I am a PhD student researching the dietary variation of Eurasian otters (Lutra lutra) in Great Britain using genetic and stable isotope techniques. Variation in the diet will be used to inform how British otters may be acquiring macroparasites and contaminants from the ecosystem. This data will also be used to assess how predation by otters may be affecting species of conservation concern or causing conflict with freshwater fisheries. My research is funded by KESS II and The Wildlife Trust of South and West Wales.
Prof. Robbie McDonald (University of Exeter); Rob Parry (Wildlife Trust of South and West Wales).
I graduated in 2015 with a BSc in Zoology from the University of Nottingham. My dissertation investigated the genetic diversity of domestic West African chickens, with a focus on deciphering the origin of domestication for the population. Following my undergraduate studies, I completed an MSc in Conservation and Biodiversity at the University of Exeter, Penryn Campus. My research project focussed on the dietary variation of polecats (Mustela putorius) during their range expansion throughout England and Wales. This study was conducted using stable isotope analysis of samples collected from dead individuals (provided by the National Museum of Scotland) to investigate changes to diet over a temporal and spatial scale, along with any changes due to rodenticide exposure and hybridisation with feral ferrets.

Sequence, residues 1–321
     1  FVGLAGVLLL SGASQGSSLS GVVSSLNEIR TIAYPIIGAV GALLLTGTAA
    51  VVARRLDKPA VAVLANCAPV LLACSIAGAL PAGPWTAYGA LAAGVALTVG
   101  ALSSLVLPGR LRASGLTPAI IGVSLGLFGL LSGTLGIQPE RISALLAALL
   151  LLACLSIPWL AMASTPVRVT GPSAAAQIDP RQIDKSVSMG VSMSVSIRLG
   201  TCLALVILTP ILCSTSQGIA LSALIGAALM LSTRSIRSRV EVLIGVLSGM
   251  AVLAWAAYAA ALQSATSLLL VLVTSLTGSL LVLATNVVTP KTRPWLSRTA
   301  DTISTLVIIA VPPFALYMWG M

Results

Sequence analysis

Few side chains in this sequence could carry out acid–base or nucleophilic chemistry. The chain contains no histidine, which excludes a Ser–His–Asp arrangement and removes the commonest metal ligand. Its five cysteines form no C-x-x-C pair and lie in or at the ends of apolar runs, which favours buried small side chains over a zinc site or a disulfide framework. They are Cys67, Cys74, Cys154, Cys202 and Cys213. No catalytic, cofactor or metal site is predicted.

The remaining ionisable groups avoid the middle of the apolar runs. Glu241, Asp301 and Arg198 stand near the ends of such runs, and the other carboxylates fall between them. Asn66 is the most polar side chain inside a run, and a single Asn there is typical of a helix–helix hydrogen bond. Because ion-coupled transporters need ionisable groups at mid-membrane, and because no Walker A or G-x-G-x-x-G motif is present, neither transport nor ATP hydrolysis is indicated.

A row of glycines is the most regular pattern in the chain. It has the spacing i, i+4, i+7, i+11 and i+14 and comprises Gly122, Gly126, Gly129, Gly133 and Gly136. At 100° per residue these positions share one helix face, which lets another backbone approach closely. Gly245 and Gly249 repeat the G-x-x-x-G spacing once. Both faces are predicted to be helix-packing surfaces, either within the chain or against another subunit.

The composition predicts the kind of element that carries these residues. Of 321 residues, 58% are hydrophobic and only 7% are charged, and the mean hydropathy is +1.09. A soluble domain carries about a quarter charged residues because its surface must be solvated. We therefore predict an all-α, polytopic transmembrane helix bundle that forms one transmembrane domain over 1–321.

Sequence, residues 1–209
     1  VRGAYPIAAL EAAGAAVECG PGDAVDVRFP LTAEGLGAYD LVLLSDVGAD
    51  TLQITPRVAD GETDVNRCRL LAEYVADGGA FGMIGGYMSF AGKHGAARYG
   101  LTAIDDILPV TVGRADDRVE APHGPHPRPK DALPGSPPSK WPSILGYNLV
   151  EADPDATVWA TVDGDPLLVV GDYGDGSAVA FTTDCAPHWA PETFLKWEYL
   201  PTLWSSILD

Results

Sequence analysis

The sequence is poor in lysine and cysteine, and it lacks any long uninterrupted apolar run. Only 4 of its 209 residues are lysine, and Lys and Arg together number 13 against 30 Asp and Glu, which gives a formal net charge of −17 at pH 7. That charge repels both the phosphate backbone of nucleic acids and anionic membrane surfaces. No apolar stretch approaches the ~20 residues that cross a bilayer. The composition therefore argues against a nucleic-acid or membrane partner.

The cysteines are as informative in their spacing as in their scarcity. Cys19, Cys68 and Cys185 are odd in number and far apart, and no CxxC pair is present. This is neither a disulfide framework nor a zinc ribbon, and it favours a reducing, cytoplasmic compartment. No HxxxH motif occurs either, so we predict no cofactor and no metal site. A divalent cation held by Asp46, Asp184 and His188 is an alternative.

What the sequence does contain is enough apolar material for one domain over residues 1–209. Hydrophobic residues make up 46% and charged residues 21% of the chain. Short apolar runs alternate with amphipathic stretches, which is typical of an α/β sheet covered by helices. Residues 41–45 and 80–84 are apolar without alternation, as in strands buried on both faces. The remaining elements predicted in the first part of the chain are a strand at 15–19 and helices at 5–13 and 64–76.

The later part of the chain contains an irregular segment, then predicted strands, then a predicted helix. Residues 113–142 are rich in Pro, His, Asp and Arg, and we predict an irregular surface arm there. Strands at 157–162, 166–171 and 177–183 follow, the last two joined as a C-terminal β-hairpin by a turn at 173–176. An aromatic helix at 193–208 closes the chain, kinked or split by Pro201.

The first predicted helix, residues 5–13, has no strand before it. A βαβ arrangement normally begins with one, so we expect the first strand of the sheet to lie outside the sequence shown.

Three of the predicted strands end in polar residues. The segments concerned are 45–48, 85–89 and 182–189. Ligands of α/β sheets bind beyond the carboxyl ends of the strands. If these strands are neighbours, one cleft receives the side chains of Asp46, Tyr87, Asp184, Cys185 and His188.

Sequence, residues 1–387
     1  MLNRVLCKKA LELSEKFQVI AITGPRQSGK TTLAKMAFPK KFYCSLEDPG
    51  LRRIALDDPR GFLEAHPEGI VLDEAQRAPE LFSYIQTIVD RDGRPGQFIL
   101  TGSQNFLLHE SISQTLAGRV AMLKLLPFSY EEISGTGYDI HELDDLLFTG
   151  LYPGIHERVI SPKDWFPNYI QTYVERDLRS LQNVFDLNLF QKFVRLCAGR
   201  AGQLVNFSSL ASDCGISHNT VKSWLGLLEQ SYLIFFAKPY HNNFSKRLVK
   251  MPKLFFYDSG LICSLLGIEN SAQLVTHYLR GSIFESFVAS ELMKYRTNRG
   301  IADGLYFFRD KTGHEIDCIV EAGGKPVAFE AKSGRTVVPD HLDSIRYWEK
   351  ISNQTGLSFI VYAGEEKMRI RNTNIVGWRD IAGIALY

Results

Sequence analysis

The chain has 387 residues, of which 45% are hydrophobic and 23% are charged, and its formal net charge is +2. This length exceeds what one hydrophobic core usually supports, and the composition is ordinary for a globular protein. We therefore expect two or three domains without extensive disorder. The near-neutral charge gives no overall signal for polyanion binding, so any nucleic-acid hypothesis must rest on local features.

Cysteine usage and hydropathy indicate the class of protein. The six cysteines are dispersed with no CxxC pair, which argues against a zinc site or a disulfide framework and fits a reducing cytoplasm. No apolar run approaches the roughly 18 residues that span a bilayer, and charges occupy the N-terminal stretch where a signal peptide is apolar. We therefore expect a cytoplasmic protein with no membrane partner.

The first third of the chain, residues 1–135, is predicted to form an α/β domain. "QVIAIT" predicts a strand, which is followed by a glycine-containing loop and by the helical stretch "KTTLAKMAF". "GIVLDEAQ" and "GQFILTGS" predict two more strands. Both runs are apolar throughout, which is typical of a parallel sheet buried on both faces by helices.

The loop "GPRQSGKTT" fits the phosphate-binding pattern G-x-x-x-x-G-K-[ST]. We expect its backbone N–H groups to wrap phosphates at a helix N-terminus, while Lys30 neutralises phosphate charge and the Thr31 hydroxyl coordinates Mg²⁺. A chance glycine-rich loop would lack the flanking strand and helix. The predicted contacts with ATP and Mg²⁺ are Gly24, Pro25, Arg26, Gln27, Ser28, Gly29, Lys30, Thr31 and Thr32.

Research Interests My research interests include molecular ecology, wildlife conservation, ecotoxicology, parasitology and non-invasive sampling techniques.